“I did two years in the old FIA F3 and the first year was quite difficult. I had a difficulty in understanding the data, because in Brazil I was alone, I never had to match anyone else’s style and it was just about improving on myself. You go to Europe and suddenly you need to change how you do a corner and things like that and it becomes a bigger challenge. It is much more competitive.

“For sure, it is much easier for a kid who has already raced F4 in Europe to go and race F3 in Europe, because you already know loads of the tracks. For myself, I could do some testing during the year in Europe, but it is not the same as living here and driving here.”

All of these European drivers, they don’t need to make a big change in their lives, they can live at their houses forever if they want. For an international driver, from Brazil, from the USA, they need to move at a young age and that is not easy for a 16/17-year-old kid.

The statistics paint the picture of that initial struggle. Piquet finished 19th in his first season in European F3, with no wins and no podiums. The second season saw a marginal improvement, with one podium and 14th place overall. It was in GP3, during his third year of European racing, that he truly came into his own.

As well as changing Championships, Piquet moved from Amsterdam to Monaco, swapped Van Amersfoort for Trident and collected his first victory at that level of racing, winning twice and netting four podiums.

Moving in with his brother and sister, he became more comfortable in his surroundings. He got back into go-karting too, which now takes up some of the spare time that he had so much of in Amsterdam.

“My dad wanted me to live somewhere where I had some family,” he continued. “I also started go-karting again quite professionally. In our Championship F3, we race a bit, but it is not every weekend, so sometimes you can go a long time where you don't drive a car.

Karting gives you that adrenaline. I wouldn’t say I am professional with the equipment or anything, but I treat the races that I do professionally and I focus quite a lot. I am not doing races during my F3 season, but I done a lot in January and February. I also have a lot of go-kart stuff in Brazil and I tend to go to a track in the middle of nowhere and stay four/five days, just driving on my own. For me, that is really nice and it takes my focus off racing Formula cars.”

The move to Trident has played a large part in that turn of form. The 21-year-old is settled with the Italian F3 team. Despite some understeer issues that plagued pre-season testing, he is in a car that can win races and an environment that allows him to flourish.

Being a three-time world champion at a track is not easy. People circle around you! They want photos and signatures all the time and he is not a big, big fan of that.

“It is my second year with them and they are very open and friendly - they are really fun,” he explained. “Last year, my dad was coming a lot. It was a new team and I don’t think he was comfortable with me travelling alone, because I was still 19, so he wanted to help me a bit.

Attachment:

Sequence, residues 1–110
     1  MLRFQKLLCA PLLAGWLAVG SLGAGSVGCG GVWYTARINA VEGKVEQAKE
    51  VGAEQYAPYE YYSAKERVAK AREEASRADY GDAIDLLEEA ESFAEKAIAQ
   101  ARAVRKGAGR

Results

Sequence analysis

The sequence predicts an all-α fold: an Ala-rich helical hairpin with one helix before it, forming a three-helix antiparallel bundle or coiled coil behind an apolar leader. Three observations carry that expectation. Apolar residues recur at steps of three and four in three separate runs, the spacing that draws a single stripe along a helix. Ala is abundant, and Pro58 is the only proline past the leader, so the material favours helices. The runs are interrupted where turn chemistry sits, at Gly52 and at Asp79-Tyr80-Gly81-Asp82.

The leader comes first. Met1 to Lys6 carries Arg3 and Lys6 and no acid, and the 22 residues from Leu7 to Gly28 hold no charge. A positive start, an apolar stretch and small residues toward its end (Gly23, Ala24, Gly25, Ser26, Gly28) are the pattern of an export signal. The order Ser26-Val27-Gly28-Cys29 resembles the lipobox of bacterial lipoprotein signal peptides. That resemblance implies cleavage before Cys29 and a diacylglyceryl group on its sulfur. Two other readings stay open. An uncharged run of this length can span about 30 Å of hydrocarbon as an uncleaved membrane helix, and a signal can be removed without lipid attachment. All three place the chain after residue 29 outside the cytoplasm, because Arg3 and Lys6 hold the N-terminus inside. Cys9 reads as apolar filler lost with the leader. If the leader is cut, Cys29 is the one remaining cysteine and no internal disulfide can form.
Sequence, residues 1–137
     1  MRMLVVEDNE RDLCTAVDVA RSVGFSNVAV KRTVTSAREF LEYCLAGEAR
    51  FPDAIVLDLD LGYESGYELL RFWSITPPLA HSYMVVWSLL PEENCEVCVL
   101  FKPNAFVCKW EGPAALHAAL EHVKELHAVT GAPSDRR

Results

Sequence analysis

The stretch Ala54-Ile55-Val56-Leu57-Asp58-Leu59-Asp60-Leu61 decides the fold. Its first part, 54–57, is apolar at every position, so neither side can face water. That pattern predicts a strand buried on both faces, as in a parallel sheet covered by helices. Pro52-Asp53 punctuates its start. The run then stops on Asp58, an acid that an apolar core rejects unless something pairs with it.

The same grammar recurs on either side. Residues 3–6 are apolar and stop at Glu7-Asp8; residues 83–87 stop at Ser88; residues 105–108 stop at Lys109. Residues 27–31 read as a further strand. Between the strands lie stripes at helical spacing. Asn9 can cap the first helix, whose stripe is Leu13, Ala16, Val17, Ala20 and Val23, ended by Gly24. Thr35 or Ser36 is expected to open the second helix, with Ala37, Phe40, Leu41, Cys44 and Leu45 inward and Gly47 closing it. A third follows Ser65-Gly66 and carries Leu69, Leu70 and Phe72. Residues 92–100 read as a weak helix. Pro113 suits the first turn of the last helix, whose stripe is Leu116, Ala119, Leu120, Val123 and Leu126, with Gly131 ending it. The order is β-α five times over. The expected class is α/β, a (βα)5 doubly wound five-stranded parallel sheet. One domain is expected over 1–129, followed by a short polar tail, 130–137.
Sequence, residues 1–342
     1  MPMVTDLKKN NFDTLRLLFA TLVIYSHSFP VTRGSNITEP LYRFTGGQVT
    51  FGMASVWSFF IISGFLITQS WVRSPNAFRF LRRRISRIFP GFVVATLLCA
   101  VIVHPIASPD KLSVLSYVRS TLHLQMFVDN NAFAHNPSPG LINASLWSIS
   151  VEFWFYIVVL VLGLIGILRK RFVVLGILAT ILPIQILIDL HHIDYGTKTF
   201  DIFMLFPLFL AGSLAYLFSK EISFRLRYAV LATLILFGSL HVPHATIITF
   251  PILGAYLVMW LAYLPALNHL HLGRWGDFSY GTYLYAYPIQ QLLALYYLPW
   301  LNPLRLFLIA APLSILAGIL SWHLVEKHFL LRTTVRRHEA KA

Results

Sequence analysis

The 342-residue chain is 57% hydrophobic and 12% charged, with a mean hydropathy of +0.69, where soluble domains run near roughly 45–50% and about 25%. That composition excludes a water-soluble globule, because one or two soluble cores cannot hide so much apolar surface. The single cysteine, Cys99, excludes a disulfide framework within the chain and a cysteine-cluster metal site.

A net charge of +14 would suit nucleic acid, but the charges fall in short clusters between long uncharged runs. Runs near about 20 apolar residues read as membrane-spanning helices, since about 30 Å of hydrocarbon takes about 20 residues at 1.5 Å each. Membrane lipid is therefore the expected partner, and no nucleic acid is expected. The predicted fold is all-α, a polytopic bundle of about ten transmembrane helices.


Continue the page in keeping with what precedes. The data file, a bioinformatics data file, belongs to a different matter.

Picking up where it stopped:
“It is quite tough for him to come here though. Firstly, because it is a long trip and secondly, because being a three-time world champion at a track is not easy. People circle around you! They want photos and signatures all the time and he is not a big, big fan of that. He now knows that the team is good, he knows the people there, so he trusts them and he knows that things should go alright.”

For all of his success so far, there is one moment that stands out for Piquet. He is part of a cluster of drivers with racing heritage, which includes Mick Schumacher, Louis Delétraz and Giuliano Alesi - it is the latter who draws the biggest talking point.

Moving in with his brother and sister, he became more comfortable in his surroundings. He got back into go-karting too, which now takes up some of the spare time that he had so much of in Amsterdam.

“My dad wanted me to live somewhere where I had some family,” he continued. “I also started go-karting again quite professionally. In our Championship F3, we race a bit, but it is not every weekend, so sometimes you can go a long time where you don't drive a car.

Karting gives you that adrenaline. I wouldn’t say I am professional with the equipment or anything, but I treat the races that I do professionally and I focus quite a lot. I am not doing races during my F3 season, but I done a lot in January and February. I also have a lot of go-kart stuff in Brazil and I tend to go to a track in the middle of nowhere and stay four/five days, just driving on my own. For me, that is really nice and it takes my focus off racing Formula cars.”

The move to Trident has played a large part in that turn of form. The 21-year-old is settled with the Italian F3 team. Despite some understeer issues that plagued pre-season testing, he is in a car that can win races and an environment that allows him to flourish.

“It is my second year with them and they are very open and friendly - they are really fun,” he explained. “Last year, my dad was coming a lot. It was a new team and I don’t think he was comfortable with me travelling alone, because I was still 19, so he wanted to help me a bit.

“It is quite tough for him to come here though. Firstly, because it is a long trip and secondly, because being a three-time world champion at a track is not easy. People circle around you! They want photos and signatures all the time and he is not a big, big fan of that. He now knows that the team is good, he knows the people there, so he trusts them and he knows that things should go alright.”

For all of his success so far, there is one moment that stands out for Piquet. He is part of a cluster of drivers with racing heritage, which includes Mick Schumacher, Louis Delétraz and Giuliano Alesi - it is the latter who draws the biggest talking point.